Gov. Rauner plans to veto abortion-protection, ‘trigger’ bill

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Gov. Bruce Rauner. | Sun-Times files

Despite being a pro-choice Republican, Gov. Bruce Rauner plans to veto a House bill that would remove a “trigger provision” that would make abortions illegal should Roe v. Wade be overturned — and also allow women with Medicaid and state-employee health insurance to use their coverage for abortions.

Before the landmark U.S. Supreme Court decision in Roe v. Wade, abortion in Illinois was illegal unless a mother’s life was at stake. A law was passed in 1975 that said Illinois would make abortions illegal again if the decision was ever modified.

Momentum on the legislation that wold eliminate that so-called trigger — sponsored by state Rep. Sara Feigenholtz, D-Chicago, and 24 other House Democrats — had been building.

Feigenholtz on Friday said she planned to call her bill for a vote when legislators return from a two-week break on April 25. There’s also an event called the “Illinois Women March on Springfield” planned in the capital that day.

The bill puts Rauner in a sticky spot. Both Rauner and his wife, Diana, have contributed thousands of dollars to Planned Parenthood. And the Rauner Family Foundation has contributed $510,000 — prior to his campaign — to the American Civil Liberties Union’s Roger Baldwin Foundation, which aims to protect abortion-rights laws.

He was also labeled as a Republican “with a clear, consistent position on reproductive rights,” according to Personal Choice for Illinois, which placed a newspaper ad in October 2014 to thank Rauner and former Gov. Pat Quinn for their support of reproductive rights. The ad was paid in part by Diana Rauner. It also included a quote from Rauner during the primary debate: “It’s a decision that should be made by a woman with her physician, her family or minister, not by government.”

But the governor’s office on Friday said Rauner doesn’t support the Feigenholtz-sponsored measure and would veto it if it reached his desk.

“Gov. Rauner is committed to protecting women’s reproductive rights under current Illinois law. However, recognizing the sharp divisions of opinion of taxpayer funding of abortion, he does not support HB40,” Rauner spokeswoman Eleni Demertzis said in a statement.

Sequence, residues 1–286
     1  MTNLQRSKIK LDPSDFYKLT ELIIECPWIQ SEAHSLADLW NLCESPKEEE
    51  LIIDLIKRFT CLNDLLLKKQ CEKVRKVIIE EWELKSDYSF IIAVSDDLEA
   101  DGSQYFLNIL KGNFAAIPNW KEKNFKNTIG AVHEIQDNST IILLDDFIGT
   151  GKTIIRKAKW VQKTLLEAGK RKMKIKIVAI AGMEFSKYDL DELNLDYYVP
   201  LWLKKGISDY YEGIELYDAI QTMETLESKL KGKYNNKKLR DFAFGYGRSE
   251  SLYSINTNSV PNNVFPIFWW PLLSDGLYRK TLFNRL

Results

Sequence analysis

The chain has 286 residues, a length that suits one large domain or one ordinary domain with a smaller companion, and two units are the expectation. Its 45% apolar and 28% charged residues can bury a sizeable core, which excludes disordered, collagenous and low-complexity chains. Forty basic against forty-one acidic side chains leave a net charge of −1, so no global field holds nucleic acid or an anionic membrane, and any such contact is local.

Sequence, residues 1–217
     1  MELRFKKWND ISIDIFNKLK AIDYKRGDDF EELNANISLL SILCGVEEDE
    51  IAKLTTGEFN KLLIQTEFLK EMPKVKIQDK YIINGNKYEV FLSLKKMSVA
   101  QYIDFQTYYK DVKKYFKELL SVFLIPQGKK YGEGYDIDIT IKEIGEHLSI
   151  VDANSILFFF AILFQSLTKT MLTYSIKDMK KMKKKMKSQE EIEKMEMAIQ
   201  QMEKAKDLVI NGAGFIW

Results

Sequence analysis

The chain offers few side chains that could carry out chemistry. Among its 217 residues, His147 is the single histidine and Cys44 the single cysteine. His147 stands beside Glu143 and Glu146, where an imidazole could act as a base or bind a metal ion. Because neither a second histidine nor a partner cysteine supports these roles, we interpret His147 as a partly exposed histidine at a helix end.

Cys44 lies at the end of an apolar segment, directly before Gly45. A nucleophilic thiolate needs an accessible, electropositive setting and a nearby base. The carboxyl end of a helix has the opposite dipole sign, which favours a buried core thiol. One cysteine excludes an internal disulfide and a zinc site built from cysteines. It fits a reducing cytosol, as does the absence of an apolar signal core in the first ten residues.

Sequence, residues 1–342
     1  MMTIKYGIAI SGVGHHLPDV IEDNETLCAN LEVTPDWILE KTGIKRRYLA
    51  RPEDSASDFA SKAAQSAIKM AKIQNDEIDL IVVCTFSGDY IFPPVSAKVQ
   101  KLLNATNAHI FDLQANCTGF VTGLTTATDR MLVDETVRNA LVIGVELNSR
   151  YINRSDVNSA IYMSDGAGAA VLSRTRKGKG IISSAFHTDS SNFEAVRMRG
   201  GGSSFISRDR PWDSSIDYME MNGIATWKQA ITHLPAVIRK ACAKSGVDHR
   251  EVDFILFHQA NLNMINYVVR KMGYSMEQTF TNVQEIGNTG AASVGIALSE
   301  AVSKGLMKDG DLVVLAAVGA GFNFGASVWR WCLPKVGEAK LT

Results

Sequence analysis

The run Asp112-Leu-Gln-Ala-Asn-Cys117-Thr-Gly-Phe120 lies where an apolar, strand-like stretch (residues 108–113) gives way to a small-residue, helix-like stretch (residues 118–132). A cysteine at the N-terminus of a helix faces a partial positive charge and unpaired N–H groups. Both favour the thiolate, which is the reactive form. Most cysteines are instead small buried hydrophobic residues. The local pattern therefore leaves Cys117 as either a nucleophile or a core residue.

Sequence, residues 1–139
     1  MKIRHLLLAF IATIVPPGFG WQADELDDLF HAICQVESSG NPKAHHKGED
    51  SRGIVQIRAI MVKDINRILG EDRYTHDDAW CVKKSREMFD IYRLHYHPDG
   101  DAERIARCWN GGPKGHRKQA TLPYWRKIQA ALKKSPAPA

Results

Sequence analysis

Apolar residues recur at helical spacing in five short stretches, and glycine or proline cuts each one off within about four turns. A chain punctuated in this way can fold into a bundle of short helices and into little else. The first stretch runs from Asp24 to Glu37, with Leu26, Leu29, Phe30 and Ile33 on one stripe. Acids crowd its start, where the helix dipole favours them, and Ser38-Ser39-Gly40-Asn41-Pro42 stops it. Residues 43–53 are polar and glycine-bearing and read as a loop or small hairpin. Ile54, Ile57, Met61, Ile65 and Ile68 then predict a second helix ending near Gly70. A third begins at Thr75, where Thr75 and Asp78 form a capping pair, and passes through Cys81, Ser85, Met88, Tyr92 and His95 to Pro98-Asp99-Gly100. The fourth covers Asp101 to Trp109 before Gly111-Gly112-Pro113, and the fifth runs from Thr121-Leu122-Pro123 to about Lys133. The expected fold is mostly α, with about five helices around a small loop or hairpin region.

In February, Cardinal Blase Cupich spoke out against the measure, while also urging other Democrats to vote against it. In a letter, Cupich urged Catholics to contact elected officials and let them know that “taxpayers should not be forced to fund the taking of human life.”

Catholic groups too, warned, that pro-life advocates would not support the governor should he pass the bill.

Besides repealing the trigger law, the bill would allow the state’s Medicaid recipients to have abortions covered — with the state already paying for abortions for cases of rape, incest and to save the life of the mother.

Opponents of the bill said that wouldn’t happen, and argued the addition of the trigger language was a political move.

Feigenholtz on Friday said she had no Republican support on the bill, but noted that Rauner helped to fund the Reproductive Rights Project at the ACLU. She also noted two former Illinois Republican governors supported efforts to help women pay for abortions.

“Two other Republican governors agree that not paying for abortions for poor women who are on insurance, state insurance, whether it be employees of the state or poor women, is unconscionable: George Ryan and Jim Edgar. Both believed it was very discriminatory to not pay for abortions for poor women,” Feigenholtz said.

Illinois House Speaker Michael Madigan’s spokesman Steve Brown on Friday said the speaker planned to vote “yes” on the measure. Brown said the decision appeared to be a way for Rauner to “cozy up to conservatives.”

“I think it suggests the advocates are on the verge of victory and he understands that he’s got to create some support amongst the conservatives because he doesn’t have many places to go to look for support anymore because of things he’s done, because of the budget impasse or other moves he’s made,” Brown said. “So, he’s got to try to cozy up to conservatives. I guess this is one of the way’s he’s trying to do it.”

State Rep. Peter Breen, R-Lombard, who opposes the bill said it was being sold as related to Roe v. Wade “but the bill itself would require taxpayer funding for abortions of healthy babies.”

“And that’s something that the broad majority of Illinoisans are against,” Breen said. “To me, the governor’s decision is in accord with what folks in Illinois want.”

The ACLU of Illinois said it is “disappointed and dismayed” at Rauner’s decision.

“This measure – which had strong support in the House of Representatives – is a critical opportunity to support the women of Illinois and fight back against reckless threats emanating from Washington, D.C.,” Lorie Chaiten, director of the ACLU’s Reproductive Rights Project, said in a statement.

Chaiten said Rauner “can expect to hear from Illinois women who wanted Illinois officials to take action and to speak out forcefully for equality and justice. “

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